PB: In what segments is modular/off-site construction gaining traction, and why?

KS: The use of modular design and construction has exploded in the hospitality industry and for use in large multifamily projects. Commercial construction is very schedule-driven and the construction of many identical modules plays well to the strengths of modular construction. Many commercial factories exist and more are coming online. 

PB: Why is it basically stagnant for single-family residential?

KS: Large production builders are tied into their processes and supply chains. They are dipping their toes into the building systems pool with panelized walls, and roof and floor trusses, but they don’t understand volumetric construction, and the changes to their processes make it too heroic of a leap to attempt.  

Also, markets with predominately slab-on-grade foundations generally aren’t good candidates for modular construction because of the access needed for plumbing and electrical connections under the modules. Residential construction also tends to be more complex, with many design requirements. In addition, because of the fragmentation in the residential construction industry, there just hasn’t been one place you could call that understands factory construction with field delivery and turnover to the customer. There is no training available to become a modular home builder.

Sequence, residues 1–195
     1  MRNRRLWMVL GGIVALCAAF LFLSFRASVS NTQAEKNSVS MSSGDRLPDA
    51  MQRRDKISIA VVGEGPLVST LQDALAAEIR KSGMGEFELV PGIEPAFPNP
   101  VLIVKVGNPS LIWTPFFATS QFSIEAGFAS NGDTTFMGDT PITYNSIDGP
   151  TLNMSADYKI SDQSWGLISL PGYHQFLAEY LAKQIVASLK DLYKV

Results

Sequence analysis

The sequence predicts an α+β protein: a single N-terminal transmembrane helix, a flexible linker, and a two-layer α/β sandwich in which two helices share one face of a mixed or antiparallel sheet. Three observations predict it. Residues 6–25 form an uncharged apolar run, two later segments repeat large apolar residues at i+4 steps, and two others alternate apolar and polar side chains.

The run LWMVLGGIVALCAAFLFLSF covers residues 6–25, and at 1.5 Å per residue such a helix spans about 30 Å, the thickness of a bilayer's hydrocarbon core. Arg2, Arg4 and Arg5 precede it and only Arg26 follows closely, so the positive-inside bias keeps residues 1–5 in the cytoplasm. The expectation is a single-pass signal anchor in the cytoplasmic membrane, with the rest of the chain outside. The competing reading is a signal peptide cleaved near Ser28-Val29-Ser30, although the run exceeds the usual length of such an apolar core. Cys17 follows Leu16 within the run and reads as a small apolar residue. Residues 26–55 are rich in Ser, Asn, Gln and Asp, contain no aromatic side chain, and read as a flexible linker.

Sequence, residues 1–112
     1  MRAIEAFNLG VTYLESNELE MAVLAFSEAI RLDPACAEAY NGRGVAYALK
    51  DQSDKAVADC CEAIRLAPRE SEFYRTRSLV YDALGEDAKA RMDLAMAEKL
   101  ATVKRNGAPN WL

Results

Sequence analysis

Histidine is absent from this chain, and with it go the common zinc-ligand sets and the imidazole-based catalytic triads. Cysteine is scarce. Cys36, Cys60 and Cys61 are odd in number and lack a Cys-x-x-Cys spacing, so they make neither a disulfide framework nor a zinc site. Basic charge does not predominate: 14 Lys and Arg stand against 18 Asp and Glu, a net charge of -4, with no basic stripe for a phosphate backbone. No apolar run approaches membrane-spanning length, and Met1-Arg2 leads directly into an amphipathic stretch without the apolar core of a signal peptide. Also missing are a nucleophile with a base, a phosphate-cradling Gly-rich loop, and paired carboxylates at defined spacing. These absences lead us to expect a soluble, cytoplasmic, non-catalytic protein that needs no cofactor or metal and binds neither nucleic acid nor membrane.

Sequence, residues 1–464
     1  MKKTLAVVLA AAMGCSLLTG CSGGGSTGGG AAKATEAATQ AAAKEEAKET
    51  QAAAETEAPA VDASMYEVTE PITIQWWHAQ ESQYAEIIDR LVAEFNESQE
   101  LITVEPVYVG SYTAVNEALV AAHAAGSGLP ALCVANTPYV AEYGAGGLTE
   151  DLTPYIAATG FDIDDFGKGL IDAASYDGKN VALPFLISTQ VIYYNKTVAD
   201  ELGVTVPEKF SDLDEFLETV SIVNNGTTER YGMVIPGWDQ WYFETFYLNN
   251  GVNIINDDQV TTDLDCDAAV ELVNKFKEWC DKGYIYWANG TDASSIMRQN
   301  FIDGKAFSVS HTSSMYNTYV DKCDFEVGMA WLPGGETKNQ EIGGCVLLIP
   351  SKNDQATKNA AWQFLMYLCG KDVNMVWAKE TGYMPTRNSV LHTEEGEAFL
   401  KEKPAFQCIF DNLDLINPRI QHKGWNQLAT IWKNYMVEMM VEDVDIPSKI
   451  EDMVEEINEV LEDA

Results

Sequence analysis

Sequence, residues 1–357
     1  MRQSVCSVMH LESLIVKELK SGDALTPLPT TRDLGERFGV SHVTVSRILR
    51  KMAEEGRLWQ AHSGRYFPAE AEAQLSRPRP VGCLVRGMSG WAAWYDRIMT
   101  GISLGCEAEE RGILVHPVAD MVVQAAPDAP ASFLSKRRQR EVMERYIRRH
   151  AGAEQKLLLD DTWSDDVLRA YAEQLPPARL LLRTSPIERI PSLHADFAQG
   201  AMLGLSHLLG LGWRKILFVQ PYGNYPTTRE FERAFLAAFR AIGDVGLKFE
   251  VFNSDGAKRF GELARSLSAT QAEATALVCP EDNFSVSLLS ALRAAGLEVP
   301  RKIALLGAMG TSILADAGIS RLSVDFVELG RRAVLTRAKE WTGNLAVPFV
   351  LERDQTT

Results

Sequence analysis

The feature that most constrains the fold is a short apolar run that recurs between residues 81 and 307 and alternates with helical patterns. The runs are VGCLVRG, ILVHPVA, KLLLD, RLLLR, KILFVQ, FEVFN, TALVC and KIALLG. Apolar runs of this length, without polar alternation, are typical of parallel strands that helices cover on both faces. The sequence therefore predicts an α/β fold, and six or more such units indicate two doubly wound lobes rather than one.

That’s what we believe has been holding the industry back, and that’s where we saw the opportunity to franchise. As the only nationwide modular home builder, we took our years of experience, knowledge, and factory relationships and bundled it up as a service offering to developers and other builders.

 

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PB: How does your model work?

KS: We actually operate as two entities: Impresa Modular and Impresa Modular Franchising, which we introduced at the 2020 International Builders' Show in January.